Previous studies have reported that observation pressure and outcome pressure impact working memory, but have not investigated whether they exert different effects on working memory. The neuronal activity in some brain areas encodes task-related information corresponding to working memory across delay periods. Therefore, changes in working memory under pressure can be further verified by exploring neuronal activity changes in brain areas under pressure. In this study, we used an N-back task and event-related potentials to explore whether the two types of pressure exert different effects on working memory. The electrophysiological results revealed that observation pressure-induced P1, P2 and late positive component amplitudes are significantly larger than corresponding outcome pressure-induced amplitudes, and the P3 amplitude induced by low-load working memory is significantly larger than that in the high-load condition. A possible explanation is that observation pressure increases attention focus, whereas outcome pressure increases attention dispersion, and a greater memory load results in more information that must be maintained and updated in working memory. These findings indicate that observation pressure and outcome pressure exert different effects on working memory.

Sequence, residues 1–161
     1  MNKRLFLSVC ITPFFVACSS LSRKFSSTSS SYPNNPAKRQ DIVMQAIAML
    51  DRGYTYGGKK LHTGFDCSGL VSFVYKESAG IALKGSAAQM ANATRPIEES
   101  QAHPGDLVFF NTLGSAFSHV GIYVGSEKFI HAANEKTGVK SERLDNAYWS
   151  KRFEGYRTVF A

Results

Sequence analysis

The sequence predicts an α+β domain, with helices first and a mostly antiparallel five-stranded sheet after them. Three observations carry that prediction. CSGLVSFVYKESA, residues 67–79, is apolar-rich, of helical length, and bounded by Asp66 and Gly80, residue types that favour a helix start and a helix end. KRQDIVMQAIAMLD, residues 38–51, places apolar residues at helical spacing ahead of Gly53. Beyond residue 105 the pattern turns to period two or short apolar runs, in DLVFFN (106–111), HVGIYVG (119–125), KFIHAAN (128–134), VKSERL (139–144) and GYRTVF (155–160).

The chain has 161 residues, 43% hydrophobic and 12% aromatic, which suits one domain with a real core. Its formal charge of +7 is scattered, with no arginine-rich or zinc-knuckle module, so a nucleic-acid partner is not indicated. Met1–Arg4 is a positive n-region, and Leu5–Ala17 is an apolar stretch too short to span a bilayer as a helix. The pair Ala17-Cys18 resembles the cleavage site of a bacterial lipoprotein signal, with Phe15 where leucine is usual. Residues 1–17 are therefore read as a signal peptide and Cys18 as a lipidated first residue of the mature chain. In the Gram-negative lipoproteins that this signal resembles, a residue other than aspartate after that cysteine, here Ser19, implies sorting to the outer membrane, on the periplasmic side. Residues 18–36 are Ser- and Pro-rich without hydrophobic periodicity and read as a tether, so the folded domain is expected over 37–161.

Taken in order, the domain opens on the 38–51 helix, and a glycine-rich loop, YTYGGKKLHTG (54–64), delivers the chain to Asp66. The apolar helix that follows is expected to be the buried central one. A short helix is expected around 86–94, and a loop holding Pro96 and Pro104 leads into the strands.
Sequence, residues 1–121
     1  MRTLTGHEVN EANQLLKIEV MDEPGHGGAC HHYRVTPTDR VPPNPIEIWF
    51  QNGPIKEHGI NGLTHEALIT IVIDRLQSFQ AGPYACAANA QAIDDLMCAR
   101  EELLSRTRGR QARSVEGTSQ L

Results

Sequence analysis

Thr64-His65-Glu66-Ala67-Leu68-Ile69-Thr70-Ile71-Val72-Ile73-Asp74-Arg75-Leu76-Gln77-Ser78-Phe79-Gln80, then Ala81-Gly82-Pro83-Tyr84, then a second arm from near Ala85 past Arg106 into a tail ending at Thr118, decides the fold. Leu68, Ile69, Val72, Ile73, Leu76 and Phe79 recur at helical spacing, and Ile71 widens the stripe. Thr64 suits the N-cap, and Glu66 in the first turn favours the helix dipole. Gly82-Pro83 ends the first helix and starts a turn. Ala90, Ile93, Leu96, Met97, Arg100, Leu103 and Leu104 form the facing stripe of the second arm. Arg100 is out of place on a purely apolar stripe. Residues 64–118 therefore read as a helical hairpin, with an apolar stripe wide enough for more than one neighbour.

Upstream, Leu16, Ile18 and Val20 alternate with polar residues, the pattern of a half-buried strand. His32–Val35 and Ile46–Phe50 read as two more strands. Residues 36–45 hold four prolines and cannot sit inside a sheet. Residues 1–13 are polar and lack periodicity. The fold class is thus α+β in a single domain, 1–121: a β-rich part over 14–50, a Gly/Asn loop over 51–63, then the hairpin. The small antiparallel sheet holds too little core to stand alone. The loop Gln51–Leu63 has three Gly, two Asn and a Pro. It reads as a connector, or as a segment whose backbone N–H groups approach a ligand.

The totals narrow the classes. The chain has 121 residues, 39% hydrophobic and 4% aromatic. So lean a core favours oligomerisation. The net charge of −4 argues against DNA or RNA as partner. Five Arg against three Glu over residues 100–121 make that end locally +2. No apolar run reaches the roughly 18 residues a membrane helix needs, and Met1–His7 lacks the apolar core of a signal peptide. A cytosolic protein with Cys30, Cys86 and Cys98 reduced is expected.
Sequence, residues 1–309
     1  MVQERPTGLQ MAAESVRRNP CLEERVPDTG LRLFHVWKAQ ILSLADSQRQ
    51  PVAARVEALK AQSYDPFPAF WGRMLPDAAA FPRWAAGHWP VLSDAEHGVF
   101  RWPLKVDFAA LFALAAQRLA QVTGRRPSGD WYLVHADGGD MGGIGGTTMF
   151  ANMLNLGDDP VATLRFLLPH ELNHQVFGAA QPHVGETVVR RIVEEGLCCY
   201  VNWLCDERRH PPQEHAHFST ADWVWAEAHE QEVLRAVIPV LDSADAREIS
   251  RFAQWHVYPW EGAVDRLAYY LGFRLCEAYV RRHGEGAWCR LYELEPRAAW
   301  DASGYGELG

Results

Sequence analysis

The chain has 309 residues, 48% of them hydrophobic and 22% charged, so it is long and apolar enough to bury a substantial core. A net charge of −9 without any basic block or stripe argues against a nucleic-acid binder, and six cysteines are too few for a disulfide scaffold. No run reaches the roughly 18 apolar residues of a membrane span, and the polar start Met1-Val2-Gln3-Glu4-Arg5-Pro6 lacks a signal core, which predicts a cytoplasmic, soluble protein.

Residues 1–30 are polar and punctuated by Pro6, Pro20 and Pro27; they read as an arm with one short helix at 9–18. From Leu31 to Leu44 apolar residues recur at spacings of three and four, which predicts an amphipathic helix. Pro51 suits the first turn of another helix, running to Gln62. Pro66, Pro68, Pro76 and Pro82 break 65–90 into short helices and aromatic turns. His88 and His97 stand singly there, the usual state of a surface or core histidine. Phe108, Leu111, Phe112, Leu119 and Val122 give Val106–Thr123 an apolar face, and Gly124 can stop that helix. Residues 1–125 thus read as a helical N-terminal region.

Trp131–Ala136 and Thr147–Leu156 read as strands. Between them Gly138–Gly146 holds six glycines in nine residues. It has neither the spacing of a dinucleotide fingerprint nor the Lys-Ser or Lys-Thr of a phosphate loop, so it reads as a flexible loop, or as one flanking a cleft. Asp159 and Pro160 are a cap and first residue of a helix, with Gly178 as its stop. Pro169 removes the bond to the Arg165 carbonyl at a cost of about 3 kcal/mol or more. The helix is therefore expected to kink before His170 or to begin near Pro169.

aSchool of Psychology and Cognitive Science, East China Normal University, Shanghai
bEducation College, Qufu Normal University, Qufu
cInstitute of Brain and Management Sciences, Zhejiang University of Technology, Hangzhou, China
Received 11 May 2019 Accepted 16 May 2019
Correspondence to Yongfang Liu, Phd, School of Psychology and Cognitive Science, East China Normal University, Shanghai 200062, China, Tel: +86-21-62232913; fax: +86-21-62232917; e-mail: firstname.lastname@example.org